When you think of northern Michigan food and beverage, things like whitefish, pasties and craft beer probably come to mind. Ackee? Not so much.
Yet, you can find the national fruit of Jamaica on the shelves at Doud’s Market on Mackinac Island during the primary travel season from April through October. Ditto for callaloo, a leafy green vegetable popular in the Caribbean, and Irish moss, a Jamaican drink featuring seaweed. Doud’s Market stocks a wide variety of Asian fare in season, too.
You may know that Mackinac Island attracts visitors from across the globe. Well, workers on Mackinac Island come from all over the world, too. The variety of international foods is just one way that Mackinac Island caters to foreign workers.
Foreign Guest Workers on Mackinac Island
Some of the foreign guest workers come to Mackinac Island for a few months through the J-1 visa program for students, while others come for the whole season through the H-2B program. In addition to Jamaica, Mackinac Island attracts many workers from elsewhere in the Caribbean as well as Europe and Asia. And workers come from more places every year, it seems.
Andrew Doud, the owner of Doud’s Market, knows from past experience that he needs to have about two dozen specific international items on hand. Beyond that, the store’s staff ask customers what else they should carry and then they order those items to accommodate the people working on Mackinac Island in a given season.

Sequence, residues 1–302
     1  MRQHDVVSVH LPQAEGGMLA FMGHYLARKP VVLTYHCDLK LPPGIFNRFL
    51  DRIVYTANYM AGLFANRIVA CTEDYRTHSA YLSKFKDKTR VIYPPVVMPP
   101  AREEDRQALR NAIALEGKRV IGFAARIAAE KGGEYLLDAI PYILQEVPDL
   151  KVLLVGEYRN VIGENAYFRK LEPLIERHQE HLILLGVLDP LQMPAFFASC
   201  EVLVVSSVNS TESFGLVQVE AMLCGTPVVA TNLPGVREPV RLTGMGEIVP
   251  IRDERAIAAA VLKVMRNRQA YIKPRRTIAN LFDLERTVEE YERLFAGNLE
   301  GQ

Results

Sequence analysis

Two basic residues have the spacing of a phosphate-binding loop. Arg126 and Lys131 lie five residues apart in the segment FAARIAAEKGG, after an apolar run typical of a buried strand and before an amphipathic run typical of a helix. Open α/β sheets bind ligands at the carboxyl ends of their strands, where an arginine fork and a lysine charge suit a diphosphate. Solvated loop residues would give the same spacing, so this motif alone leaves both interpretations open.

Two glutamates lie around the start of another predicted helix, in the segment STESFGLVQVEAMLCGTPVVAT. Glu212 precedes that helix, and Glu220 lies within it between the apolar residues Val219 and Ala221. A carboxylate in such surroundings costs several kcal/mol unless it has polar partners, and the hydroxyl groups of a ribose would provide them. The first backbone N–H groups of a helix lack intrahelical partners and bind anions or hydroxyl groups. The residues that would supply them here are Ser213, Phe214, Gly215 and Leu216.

Doud’s Market orders many of the international food and beverage items from a company out of Chicago that specializes in wholesale food importing. The food gets shipped through a distributor to Mackinac Island, where it gets unloaded at the ferry dock and hauled by horse-drawn dray to Doud’s Market.
That way, customers can find not only northern Michigan staples such as pasties but also Jamaican jerk sauce, mackerel in tomato sauce and cock soup.
While Mackinac Island has about 500 year-round residents, it takes about 5,000 seasonal workers to support visiting tourists. When the local unemployment rate is low, it’s difficult to fill those jobs with local residents.
As a result, Mackinac Island relies on a large influx of foreign guest workers. In fact, foreign guest workers make up about 20% of the seasonal labor on Mackinac Island.